In these busy days with many very small children time to write (let alone edit) is precious and rare. I don’t pressure myself to blog regularly but get to it when I can in little snatches and bursts. I enjoy having a written record of anything I’ve managed to blog, even if it’s only a snapshot of one brief season in our lives. Whatever slips through the written cracks is still life fully lived, and there’s nothing to regret in that.
Every year I record new books I’ve read, not counting books only read partially, books re-read, or picture books read with the kids. At the end of the year I write a review. In 2015 I read 74 new books. I read a lot fewer old classics than usual this year and a lot more 20th century literature. In this brief season of tiny children I lean toward lighter or quicker reading because there just aren’t wide blocks of time to engage deeply and work through heavy topics. I don’t mind. Children are tiny for a very short period, and there are likely many seasons of meatier reading ahead. Memoirs took up a big chunk of my reading list this year, as did gleefully binging on Louise Penny’s Inspector Gamache series. The Modern Mrs. Darcy site sparked a lot of my reading choices this year as well. It’s always a bit hard to categorize books, as some cross genres (e.g., many of the parenting or marriage books I read are also Christian, some memoirs are classics, etc.).
- Managing Oneself by Peter Drucker. There’s a lot of food for thought packed into this concise and practical volume. Drucker discusses analyzing strengths and weaknesses, learning and performance styles, ethics and values, relationships, communication, and developing interests and strengths. He speaks from a business viewpoint but his ideas are widely applicable.
- Respectable Sins by Jerry Bridges. It is easy to become preoccupied with society’s “big” sins while ignoring or even condoning sins in our own lives or our Christian communities. Bridges briefly tackles “respectable” sins like frustration, discontentment, pride, impatience, irritability, gossip, lack of self-control, and others. So-so writing but meaty ideas.
- East of Eden by John Steinbeck. I’m not usually a big Steinbeck fan but, as promised by others, this one completely hooked me. The Hamilton and Trask families’ stories are often dark but they’re also full of tremendous warmth and beauty.
- Laughing Without an Accent by Firoozeh Dumas. Dumas has a wonderful sense of humor, and her stories will have a special ring of familiarity to anyone who is the child or relative of immigrants. I like that Dumas approaches both Iran and the US with a gently critical eye and with appreciation vs. blanket generalizations. I also like that this book poked fun without humiliating the subjects. The same cannot be said for her first book, Funny in Farsi, which left me cringing for the objects of her jokes.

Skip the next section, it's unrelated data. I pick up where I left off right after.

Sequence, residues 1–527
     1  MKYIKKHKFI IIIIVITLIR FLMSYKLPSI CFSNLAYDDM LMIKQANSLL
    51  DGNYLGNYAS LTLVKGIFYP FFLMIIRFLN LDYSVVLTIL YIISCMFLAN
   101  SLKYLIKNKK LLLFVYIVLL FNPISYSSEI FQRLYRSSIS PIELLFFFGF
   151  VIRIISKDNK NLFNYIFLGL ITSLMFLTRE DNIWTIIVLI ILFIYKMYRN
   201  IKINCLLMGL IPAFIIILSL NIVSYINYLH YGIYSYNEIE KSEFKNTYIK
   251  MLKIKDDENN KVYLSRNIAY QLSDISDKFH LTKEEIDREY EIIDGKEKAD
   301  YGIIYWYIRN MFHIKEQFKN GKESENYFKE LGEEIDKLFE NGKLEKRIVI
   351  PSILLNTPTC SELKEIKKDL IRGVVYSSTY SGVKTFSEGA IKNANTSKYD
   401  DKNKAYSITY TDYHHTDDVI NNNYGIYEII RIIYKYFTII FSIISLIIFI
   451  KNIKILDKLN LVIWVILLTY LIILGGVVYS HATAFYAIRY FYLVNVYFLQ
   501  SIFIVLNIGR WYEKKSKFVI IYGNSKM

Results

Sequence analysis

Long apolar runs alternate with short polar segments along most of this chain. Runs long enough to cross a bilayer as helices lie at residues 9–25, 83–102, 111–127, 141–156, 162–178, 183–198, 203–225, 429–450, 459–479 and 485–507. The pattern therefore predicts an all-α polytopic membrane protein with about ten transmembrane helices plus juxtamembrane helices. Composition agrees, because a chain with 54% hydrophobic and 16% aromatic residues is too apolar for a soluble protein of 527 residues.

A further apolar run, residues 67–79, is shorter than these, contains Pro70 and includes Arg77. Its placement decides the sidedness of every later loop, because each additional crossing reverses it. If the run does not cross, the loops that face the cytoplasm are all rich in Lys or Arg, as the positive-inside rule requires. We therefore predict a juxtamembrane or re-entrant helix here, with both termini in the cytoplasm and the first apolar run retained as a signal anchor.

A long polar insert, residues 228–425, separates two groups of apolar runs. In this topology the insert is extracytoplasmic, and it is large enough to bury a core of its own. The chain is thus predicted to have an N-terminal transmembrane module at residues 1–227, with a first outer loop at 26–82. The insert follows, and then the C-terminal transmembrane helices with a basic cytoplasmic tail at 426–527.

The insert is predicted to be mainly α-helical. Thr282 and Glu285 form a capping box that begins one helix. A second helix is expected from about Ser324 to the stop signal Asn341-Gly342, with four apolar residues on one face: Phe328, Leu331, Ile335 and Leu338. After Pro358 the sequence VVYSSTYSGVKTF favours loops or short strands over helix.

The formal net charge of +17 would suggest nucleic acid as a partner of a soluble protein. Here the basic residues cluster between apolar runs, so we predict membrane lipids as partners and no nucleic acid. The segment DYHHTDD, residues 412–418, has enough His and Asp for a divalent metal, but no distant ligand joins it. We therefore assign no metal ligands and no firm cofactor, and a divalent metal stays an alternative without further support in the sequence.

- Louise Penny’s Inspector Gamache books. I discovered this series about a detective in Quebec via Modern Mrs. Darcy. I succumbed to addiction and only emerged after bingeing my way through the entire saga during midnight feedings with the newborn. You know books are fun if you’re happy when the baby wakes you in the wee hours! Beautiful writing, enjoyable characters, and good dialogue. I appreciate that Penny thoughtfully tackles issues of ethics, honor, and virtue. While I don’t always agree with her conclusions or base assumptions, these books are more thought-provoking than your typical mystery. They follow both individual stories in each book as well as a broader story arc so they are best read in order. Not all of the books are equally good (especially toward the end of the series) but overall I loved them.
- The Ocean at the End of the Lane by Neil Gaiman. My sister-in-law introduced me to Gaiman. This is his newest book. Gaiman’s writing tends to be spooky and macabre but also beautiful and evocative. His writings freely explore evil, but always in contrast to good. The Man and I both loved this book although the ending feels a bit weak. Like the Narnia books it is also an allegory of the central themes of Christianity – someone has evil/darkness placed in his heart and owes his life to dark forces because of it. There is a Christ figure, a trinity, incarnation, the second coming… Frankly the choices surprised me as Gaiman publicly rejects Christianity.